Strength training in older adults has been shown in many individual trials to be effetive at reducing falls, but what does a systematic review tell us?
Falls are the second leading cause of accidental death worldwide with a large proportion of these occurring in the older population. Understanding how to reduce risk of falling is therefore crucial in helping protect our vulnerable older adults.
Various forms of exercise are used to reduce risk of falls and despite there being hundreds of high quality studies investigating this consensus still has not been reached when it comes to the benefit of strength training on falls risk.
A new systematic review published in the Journal of Medicine aims to assess the effects of strength training (ST), as compared to alternative multimodal or
unimodal exercise programs, on the number of falls in older adults (≥60 years), and help bring us to a point of consensus.
This systematic review was pre-registered on PROSPERO and adhered to the PRISMA guidance both indicative of good methodological rigour. The PICOS used for the search strategy is also fully available further adding to the quality of the review.
Studies published in peer-reviewed journals were eligible with no limitations based on langugage or date. Inclusion criteria was based on PICOS and is as follows:
- P: 60+ years old, community dwelling, residential or nursing or hospital based as well as those living and not living with frailty
- I: Strength training without combination with other exercise
- C: non-exercise controls or multimodal or unimodal exercise interventions
- O: Risk of falls measured as number of falls or falls rate
- S: Supervised RCTs
In total ten databases were searched including CINAHL, Cochrane Library, EBSCO, EMBASE, PEDro, Pubmed, Scielo, Scopus, SPORTDiscus and WoS. The search strategy is available in full and appears logical and robust.
A manual search of references was also performed along with the search criteria and list of studies being sent to seven experts to suggest additional relevant studies.
Three authors performed the searches with disagreements resolved through re-analysis until reaching consensus. Risk of bias was assessed using Cochranes RoB 2.0 tool. The certainty of evidence was assessed using GRADE.
Results & Clinical Implications
In total five RCTs were eligible for review which included 543 participants. All studies included as strength training group with distinct protocols but all followed recommendations for exercise in older adults.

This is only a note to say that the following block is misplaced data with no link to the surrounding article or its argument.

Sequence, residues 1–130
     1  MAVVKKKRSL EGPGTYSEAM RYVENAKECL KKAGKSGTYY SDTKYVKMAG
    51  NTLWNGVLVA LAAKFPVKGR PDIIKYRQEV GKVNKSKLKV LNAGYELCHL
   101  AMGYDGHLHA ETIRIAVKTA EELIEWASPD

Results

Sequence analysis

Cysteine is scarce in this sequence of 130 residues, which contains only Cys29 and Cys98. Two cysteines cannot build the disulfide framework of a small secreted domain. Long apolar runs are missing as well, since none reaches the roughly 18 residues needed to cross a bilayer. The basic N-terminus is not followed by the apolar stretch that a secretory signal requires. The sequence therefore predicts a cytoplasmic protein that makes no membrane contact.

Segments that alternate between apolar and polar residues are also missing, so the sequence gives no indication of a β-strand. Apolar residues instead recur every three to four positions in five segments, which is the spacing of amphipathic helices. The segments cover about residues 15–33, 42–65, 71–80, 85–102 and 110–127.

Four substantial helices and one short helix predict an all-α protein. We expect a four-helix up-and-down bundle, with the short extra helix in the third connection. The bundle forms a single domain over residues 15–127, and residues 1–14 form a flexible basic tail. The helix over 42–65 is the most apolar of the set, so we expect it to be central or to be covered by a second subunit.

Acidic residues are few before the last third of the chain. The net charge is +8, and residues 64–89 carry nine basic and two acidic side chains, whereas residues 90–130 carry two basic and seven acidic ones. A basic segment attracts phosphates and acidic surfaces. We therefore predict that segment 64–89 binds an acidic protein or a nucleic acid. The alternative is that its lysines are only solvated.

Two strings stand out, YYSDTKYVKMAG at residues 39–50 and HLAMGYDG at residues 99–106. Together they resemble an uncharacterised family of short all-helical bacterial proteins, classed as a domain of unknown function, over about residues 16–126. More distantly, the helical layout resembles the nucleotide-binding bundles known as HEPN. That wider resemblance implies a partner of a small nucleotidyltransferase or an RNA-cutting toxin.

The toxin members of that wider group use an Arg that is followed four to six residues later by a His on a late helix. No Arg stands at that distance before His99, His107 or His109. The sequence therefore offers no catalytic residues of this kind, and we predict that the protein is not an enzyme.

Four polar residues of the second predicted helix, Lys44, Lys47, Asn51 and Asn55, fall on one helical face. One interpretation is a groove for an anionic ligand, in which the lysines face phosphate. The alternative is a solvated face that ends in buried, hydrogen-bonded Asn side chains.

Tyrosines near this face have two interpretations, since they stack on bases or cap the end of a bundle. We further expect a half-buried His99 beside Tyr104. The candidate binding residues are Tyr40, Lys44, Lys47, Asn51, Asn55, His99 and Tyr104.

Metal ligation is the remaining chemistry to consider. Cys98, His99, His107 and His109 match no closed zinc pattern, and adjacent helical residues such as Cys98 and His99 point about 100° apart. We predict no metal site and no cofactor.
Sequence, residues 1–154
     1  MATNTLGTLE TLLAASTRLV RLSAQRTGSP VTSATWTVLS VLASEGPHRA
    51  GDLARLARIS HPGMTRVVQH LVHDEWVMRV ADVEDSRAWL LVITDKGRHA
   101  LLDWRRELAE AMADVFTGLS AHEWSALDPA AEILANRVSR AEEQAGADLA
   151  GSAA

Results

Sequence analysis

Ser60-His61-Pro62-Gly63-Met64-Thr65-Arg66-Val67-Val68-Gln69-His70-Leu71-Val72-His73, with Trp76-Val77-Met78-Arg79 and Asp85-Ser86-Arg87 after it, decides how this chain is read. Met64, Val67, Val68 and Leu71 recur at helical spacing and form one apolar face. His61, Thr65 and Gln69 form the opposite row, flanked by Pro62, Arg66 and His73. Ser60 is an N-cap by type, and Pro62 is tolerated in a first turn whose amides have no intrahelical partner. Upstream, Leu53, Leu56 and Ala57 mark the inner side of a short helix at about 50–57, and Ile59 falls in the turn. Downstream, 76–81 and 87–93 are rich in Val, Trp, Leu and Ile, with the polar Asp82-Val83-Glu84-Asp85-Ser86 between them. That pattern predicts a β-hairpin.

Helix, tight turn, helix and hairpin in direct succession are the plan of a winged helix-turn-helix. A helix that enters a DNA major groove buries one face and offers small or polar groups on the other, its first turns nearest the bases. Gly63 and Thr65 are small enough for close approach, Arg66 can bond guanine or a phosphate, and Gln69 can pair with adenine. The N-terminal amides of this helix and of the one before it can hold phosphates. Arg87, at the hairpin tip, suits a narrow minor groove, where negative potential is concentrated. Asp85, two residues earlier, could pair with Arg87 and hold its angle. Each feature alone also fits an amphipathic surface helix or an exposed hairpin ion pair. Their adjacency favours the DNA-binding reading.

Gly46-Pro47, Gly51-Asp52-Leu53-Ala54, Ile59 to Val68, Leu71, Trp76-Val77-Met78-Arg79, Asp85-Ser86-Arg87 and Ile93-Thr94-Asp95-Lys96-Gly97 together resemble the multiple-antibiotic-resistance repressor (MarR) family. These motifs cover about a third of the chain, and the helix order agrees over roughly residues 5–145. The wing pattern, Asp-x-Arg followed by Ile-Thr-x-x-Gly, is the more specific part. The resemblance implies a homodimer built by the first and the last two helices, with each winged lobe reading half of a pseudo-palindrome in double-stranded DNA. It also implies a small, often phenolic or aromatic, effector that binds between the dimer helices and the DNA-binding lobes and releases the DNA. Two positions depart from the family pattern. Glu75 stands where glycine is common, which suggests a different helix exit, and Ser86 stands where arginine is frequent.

The sessions varied between 1-3x/week with prescription of exercise between 1-3 sets of 6-30 reps with duration between 50-60 minutes. Interventions lasted between 84-365 days with one study having a 3 year follow up.
The risk of bias was mixed across all included studies. One was low risk, two medium and one high risk with the main concerns across all studies being randomisation (difficult to do in these types of studies) and selective reporting. This is because many of the studies did not pre-register a protocol or stats analysis plan. After sensitivity analysis it was found that the poor randomisation did not effect the outcome of anaylsis.
The results of the meta-analysis showed that supervised strength training reduced the risk of falls when compared to unimodal training sessions (balance, agility, stretching, tai chi or self-administered) however the results were not statistically significant.
There was also no significant difference seen in any of the secondary outcomes which included Barthel, BMD, balance, gait speed and SPPB. Interstingly one study investigated cost effectiveness and 1x/wk strength training is -25% cheaper than twice weekly less effective training.
There is a wealth of evidence suggesting strength training is the best strategy to adopt when using exercise to prevent falls however due to the variability in exercise selection and dose and intensity chosen means that definitive advice is unavailable in the form of systematic reviews.